Kilmarnock Swimming Club and Humane Society was instituted in 1902 and began life in the River Irvine and Kilmarnock Water near to the Dean Castle in Kilmarnock. Within a few years it took up residence within the Pool at Kilmarnock Academy as it was the only Swimming Pool in the town at that time.

Pool situated about 400 meters north of the Dean Castle

Pool situated about 300 meters north of the Dean Castle

This pool is the joining of the Kilmarnock Water and the River Irvine

As can be seen from the pictures above the pools are not very deep now and in fact you could wade across them.  This was not always the case as the Rivers were dredged frequently at the turn of the last century and therefore the pools were not silted up.  You certainly could not swim in these pools nowadays.  Contact the Scottish Environment Protection Agency for information on water quality in Kilmarnock Water and River Irvine.


Ladies night at the Kilmarnock Academy Pool circa 1927

Records are not available for the initial meeting but, from the only Documentation found dated 1907 for the Swimming Programme of events for that year the sport of Swimming was in its infancy.

The Entertainment took place on the evening of Monday the 23rd September 1907 within the Kilmarnock Academy Baths(Mikado Baths) at 7.30pm prompt.

Many of the events would not be recognised by today’s swimmers with handicapped races to the fore over 100 yards and 50 yards respectively. In fact only two strokes are mentioned throughout the event namely Breast Stroke and Back Stroke. It is also not known if the races were of one sex or mixed sexes but if the rule of the day is anything to go by then I would assume that the races were male only.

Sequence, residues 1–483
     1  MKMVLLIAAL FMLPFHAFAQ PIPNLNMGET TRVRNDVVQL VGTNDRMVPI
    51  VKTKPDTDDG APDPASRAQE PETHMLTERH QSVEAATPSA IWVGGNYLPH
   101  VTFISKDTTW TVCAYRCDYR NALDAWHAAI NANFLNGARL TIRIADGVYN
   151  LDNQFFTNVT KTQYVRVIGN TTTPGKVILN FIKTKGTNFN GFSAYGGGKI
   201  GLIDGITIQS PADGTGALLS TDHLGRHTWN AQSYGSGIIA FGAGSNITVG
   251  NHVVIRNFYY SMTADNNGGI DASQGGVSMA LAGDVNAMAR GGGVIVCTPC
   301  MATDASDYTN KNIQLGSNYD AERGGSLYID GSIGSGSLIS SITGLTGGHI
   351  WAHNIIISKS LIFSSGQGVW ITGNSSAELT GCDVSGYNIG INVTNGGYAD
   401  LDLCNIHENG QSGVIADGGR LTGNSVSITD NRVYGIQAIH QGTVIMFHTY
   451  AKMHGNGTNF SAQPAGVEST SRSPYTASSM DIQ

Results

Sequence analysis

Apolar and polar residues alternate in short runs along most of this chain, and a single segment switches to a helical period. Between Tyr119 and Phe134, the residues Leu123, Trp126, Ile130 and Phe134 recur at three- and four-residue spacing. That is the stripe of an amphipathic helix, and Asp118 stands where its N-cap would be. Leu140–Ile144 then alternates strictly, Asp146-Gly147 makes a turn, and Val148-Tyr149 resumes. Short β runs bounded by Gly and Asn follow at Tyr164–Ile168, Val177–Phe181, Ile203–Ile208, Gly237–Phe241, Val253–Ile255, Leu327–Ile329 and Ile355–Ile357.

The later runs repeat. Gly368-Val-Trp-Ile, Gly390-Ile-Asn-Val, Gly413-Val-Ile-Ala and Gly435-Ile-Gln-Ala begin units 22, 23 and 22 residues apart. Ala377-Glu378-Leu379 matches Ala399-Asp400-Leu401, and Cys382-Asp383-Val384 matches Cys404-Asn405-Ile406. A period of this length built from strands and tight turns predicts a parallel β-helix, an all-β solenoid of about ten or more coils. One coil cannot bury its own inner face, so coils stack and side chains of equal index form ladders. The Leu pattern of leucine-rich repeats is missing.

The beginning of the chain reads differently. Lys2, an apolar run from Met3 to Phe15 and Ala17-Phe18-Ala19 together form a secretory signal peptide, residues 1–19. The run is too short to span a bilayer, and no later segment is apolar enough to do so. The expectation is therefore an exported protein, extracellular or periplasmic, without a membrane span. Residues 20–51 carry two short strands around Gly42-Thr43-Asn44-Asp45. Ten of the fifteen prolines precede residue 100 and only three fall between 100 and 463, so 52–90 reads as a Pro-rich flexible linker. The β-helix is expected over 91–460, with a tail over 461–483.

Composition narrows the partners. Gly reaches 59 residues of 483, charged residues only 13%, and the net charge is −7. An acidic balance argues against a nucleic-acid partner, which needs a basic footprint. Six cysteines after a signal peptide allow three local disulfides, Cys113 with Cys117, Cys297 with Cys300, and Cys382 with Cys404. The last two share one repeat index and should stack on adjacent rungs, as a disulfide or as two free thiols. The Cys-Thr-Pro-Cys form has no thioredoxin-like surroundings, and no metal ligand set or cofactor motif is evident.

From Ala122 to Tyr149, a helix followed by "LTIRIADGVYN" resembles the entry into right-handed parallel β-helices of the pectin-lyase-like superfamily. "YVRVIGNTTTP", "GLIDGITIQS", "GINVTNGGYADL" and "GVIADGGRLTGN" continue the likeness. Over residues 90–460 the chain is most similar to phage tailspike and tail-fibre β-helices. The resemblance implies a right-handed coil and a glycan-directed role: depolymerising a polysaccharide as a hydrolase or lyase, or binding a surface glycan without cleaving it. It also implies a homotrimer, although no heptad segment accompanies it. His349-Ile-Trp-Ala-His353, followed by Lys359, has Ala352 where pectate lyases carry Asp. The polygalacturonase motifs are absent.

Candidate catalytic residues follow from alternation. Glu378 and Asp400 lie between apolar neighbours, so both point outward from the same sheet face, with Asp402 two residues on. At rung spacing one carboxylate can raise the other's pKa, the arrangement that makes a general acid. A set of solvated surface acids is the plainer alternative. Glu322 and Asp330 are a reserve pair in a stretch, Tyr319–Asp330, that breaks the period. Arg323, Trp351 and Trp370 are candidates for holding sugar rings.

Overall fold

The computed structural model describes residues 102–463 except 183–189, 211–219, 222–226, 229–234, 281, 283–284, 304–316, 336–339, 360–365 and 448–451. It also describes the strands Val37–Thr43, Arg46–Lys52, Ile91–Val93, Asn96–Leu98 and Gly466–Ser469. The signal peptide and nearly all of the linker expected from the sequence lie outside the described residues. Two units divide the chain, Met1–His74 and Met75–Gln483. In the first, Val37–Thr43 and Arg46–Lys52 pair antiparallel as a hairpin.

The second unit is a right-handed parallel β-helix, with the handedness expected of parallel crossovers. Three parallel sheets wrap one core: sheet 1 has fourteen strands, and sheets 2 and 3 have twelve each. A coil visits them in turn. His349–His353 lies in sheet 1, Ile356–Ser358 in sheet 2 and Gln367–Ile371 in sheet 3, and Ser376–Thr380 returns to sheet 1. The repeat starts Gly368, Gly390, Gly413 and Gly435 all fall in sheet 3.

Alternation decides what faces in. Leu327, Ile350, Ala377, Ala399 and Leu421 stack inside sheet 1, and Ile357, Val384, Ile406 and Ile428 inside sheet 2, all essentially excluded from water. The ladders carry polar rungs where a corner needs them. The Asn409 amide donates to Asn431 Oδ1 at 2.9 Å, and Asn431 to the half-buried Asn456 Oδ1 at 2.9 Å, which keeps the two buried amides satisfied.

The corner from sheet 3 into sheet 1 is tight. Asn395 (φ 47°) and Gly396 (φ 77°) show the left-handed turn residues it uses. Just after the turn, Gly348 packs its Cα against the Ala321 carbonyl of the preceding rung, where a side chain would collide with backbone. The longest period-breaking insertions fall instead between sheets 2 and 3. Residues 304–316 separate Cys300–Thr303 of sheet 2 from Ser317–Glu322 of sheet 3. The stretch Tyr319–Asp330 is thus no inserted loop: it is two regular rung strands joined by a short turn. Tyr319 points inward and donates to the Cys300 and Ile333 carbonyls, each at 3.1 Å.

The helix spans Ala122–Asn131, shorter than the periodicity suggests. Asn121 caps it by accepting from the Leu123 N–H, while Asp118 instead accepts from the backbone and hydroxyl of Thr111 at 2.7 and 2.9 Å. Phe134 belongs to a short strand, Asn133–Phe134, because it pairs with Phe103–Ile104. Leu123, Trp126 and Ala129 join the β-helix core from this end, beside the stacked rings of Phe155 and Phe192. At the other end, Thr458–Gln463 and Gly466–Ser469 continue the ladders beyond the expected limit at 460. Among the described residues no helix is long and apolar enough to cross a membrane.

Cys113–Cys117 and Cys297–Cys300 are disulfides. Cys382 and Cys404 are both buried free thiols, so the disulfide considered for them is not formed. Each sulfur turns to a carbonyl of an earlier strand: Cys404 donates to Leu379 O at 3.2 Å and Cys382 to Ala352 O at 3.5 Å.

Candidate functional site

In total there were 13 official swimming races and these were interspersed with other competitions  such as Diving and Ornamental Swimming, the Bottle and Bun Race and exhibition of Diving, Plunging etc and last but not least the Greasy Pole competition in fancy dress.  What would today’s swimmers think of that lot?

By 1914 the Club had developed into a strong Association but World War I was to change all that.  Like most organisations it seemed to disappear and hazarding a guess I would say that a fair number of its participants were caught up in that global catastrophe and when the war ended in 1918 they would be too interested in getting there lives back on track without worrying about the continuation of the Club. Then the Great depression struck and like everywhere else survival would have been the priority and not swimming but somehow that was not the case.

On the 12th August 1925 what we now call Kilmarnock Amateur Swimming Club was born within the Co Operative Halls in John Dickie Street. A Committee was formed from the 100 or so ladies and gentlemen who attended.  1926 was to be its first year in competition but due to a burst boiler within the Academy Baths the Education Authority failed to repair it promptly and as a result 1927 was the first year of real competition within the Club.   By this time some of the original Club members had handed over two of the original Trophies, namely the Lord Howard de Walden Trophy which dates back to 1908 and the Kilmarnock Amateur Swimming Association Junior Cup which dates back to 1913 which was presented by W.C. Forbes.   The first winners of these trophies were J.G. Edgar and R. Goudie respectively.